Baja Airventures

Three tiny planes pick us up at Brown Field Municipal Airport in San Diego. Our pilots are well trained and sun-kissed, and will also act as our guides and activities counselors in the coming week. These triple threats will make sure our journey into the middle of Baja’s nowhere comes with all the excitement that “nowhere” has in store.

Even getting to Las Animas Wilderness Lodge, Baja Airventures’ private getaway, is an adventure: a brief stop in the town of San Felipe to pass through immigration and customs as you enter Mexico, then continuing on to a nondescript airstrip by Bahia de Los Angeles, then a 40-minute panga ride into Las Animas.

There’s something liberating about not being able to check your e-mail or take a call for a week. Even the most “connected” of us have no choice but to let go and jump into whatever is happening around us. Have clients leave their expectations of creature comforts behind and get ready for a week of “anything goes.”

Our fellow travelers are a mixed bunch, some with more experience roughing it than others, but all enchanted by the scenery around them. The land is dry but not barren. If they’re lucky, the locals see a couple of inches of rain a year, but that is also one of the attributes of Baja—it’s an arid, yet still bountiful landscape of different shades of reds and browns, one of our favorites anywhere. We have never seen such consistently starry skies as we see in Baja every single night. Luckily, there is not one light anywhere around us. Not one. Not even on the horizon, miles and miles away.

You have to really be in the spirit of things to appreciate what this type of escape offers and doesn’t offer. The yurts at Las Animas are steps away from the beach, each with its own balcony, composting toilet and shower. There’s also a bigger, common yurt for meals, impromptu pow-wows and late-night star gazing or lounging. What we didn’t find and managed to do without—running water, a cell phone signal, Internet, a TV, or electricity, except for a couple of hours a day when the generator is running in the main yurt, when you can charge your camera batteries and smuggled iPad. We shared a shower bag with our yurt-mate and kept an eye on our use of water, following the guides’ example and bathing in the ocean before rinsing off in our shower (we’d love to see an outdoor shower by each yurt—still rustic but not confining—to go with the whole back-to-basics motif).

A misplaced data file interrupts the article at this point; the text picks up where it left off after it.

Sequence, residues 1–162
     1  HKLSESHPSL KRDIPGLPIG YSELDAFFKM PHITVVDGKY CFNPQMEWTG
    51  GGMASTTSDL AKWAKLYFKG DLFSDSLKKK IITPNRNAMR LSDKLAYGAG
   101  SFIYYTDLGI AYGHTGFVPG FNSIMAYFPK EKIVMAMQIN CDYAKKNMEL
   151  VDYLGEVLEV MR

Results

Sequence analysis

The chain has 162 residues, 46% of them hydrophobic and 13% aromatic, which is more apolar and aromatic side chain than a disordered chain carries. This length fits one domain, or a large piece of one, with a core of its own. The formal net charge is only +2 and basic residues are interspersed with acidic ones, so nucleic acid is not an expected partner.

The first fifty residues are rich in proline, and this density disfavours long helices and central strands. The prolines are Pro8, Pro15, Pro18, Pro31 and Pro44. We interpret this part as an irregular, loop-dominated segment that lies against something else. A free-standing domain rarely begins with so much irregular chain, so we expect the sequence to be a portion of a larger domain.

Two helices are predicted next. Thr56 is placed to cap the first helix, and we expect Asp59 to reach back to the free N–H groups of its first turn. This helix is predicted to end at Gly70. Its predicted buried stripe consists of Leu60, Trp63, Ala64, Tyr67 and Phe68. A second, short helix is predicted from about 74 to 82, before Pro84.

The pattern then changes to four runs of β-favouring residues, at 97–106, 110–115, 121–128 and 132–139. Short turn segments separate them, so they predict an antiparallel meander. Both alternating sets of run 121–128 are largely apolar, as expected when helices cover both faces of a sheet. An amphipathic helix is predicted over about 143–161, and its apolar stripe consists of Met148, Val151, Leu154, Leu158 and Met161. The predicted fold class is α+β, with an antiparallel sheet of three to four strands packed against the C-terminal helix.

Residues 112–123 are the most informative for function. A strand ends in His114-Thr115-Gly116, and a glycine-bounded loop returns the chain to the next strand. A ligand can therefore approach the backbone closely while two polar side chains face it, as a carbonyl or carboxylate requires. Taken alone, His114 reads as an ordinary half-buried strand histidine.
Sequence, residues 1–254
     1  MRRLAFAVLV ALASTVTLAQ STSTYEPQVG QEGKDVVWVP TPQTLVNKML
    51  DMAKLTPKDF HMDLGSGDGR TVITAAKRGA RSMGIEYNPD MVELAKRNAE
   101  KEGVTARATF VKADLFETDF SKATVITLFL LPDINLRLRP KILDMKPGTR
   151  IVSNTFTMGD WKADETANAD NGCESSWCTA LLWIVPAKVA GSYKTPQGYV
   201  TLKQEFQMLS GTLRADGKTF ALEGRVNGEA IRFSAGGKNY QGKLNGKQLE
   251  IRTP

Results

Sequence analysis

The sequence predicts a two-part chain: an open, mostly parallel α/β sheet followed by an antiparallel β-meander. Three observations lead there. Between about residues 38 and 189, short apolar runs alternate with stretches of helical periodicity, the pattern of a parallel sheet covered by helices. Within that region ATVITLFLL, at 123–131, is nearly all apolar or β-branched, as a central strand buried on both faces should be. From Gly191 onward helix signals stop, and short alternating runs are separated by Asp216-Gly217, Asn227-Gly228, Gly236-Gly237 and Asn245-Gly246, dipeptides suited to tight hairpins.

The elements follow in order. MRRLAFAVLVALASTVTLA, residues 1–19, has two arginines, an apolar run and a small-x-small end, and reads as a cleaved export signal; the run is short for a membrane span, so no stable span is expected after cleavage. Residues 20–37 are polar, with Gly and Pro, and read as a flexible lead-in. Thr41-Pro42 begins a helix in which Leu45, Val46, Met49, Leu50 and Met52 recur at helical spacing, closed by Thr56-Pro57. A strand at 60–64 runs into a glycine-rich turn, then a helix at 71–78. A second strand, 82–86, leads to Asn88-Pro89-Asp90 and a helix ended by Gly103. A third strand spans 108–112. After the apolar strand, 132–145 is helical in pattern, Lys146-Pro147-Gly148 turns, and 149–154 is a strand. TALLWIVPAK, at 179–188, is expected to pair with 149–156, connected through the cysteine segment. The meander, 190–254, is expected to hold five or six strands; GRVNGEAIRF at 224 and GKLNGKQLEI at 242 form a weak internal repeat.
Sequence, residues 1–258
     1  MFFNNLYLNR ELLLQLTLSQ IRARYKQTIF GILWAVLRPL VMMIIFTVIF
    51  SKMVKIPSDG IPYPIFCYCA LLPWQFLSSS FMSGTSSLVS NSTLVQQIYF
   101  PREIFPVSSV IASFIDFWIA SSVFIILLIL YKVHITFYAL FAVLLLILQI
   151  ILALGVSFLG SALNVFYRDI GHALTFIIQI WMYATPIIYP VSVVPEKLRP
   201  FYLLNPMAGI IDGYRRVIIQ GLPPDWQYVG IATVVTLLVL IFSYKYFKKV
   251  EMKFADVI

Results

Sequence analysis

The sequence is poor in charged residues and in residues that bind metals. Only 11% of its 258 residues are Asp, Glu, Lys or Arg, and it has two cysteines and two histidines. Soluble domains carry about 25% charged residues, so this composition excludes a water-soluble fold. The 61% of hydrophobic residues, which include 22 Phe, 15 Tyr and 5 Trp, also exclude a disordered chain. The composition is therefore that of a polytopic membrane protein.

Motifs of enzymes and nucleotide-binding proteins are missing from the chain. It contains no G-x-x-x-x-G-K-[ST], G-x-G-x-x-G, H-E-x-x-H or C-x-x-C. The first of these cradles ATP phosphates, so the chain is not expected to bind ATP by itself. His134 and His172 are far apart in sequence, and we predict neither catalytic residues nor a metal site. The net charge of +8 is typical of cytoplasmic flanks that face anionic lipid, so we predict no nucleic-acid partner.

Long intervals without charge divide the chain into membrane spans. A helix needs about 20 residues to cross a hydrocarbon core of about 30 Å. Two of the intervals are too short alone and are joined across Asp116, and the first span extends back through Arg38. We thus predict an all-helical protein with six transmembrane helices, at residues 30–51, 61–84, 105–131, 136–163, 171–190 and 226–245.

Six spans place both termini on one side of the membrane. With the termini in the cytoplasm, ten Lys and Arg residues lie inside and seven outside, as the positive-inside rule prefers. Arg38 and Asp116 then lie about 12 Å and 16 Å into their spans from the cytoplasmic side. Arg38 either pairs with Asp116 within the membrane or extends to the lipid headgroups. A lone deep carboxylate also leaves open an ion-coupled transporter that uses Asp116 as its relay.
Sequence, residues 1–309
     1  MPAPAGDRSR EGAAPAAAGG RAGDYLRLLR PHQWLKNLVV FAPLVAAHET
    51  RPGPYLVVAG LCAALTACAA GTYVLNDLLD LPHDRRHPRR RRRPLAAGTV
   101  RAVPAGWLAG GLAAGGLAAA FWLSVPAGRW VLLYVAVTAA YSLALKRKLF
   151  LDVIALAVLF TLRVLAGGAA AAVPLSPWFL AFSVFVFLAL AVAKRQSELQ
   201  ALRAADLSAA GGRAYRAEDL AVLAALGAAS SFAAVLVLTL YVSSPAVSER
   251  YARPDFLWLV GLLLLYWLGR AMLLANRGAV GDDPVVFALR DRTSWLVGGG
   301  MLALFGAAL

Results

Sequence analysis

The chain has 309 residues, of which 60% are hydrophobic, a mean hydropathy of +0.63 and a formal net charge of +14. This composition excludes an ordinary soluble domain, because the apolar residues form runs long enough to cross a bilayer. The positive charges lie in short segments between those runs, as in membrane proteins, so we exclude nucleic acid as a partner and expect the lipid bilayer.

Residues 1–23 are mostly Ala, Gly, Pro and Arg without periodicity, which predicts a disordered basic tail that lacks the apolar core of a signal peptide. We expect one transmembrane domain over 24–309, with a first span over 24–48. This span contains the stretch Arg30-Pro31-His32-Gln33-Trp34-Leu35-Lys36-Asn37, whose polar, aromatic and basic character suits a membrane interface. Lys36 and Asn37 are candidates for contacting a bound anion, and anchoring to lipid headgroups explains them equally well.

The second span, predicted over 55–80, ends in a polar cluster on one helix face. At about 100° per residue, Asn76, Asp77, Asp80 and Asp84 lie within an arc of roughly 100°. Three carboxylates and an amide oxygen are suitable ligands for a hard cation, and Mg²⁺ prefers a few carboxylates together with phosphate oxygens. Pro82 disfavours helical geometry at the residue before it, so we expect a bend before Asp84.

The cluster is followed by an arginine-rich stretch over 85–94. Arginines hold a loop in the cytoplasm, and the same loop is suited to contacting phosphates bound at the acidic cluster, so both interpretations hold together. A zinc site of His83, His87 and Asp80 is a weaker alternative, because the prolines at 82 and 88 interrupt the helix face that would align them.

There are so many ways in which to pass the time here—swim, kayak, hike, sail, fish, snorkel. Each of these comes with new surprises and you’re free to choose your pleasures each day. During whale shark season, one heads off early to find them at Bahia de los Angeles. These are the least skittish whale sharks we’ve run into so far, letting you swim alongside them for quite a while before deciding you’re just another boring species. There’s never a guarantee that one will see them, but we found them every single time we ventured out—not to mention schools of dolphin putting on a show, sea lions yapping away, sea turtles gallivanting about and other wonders of Baja revealing themselves at whim. Our friendly guides are as knowledgeable as they are skilled, easily identifying species and instructing travelers on everything from paddle-boarding to preparing the perfect margarita.

Walking in and out of the ocean involves a funny shuffling of the feet so as to scare away any sting rays that might be resting by the shore, but once you’re in, you’re in. The water is sometimes like a platter, sometimes a little choppier, but we’ve never seen it anything but gorgeous and literally jumping with life. We see sierra jumping out of the ocean every minute or so, not to mention schools of tiny fish–sardines, maybe—banding about. Braver souls jump in to swim among sea lions, but our encounter with them is different. On one of several fishing excursions, a naughty one swims behind our panga and keeps stealing our catch.

Still, fishing is one of our favorite things in Baja because you never go back to shore empty-handed. We’re not hoping for prize-winning monsters but for tasty options for our dinners, and we’re not disappointed: grouper, yellowtail snapper, barracuda, sheephead and the other species that bite make it onto our dinner table each night.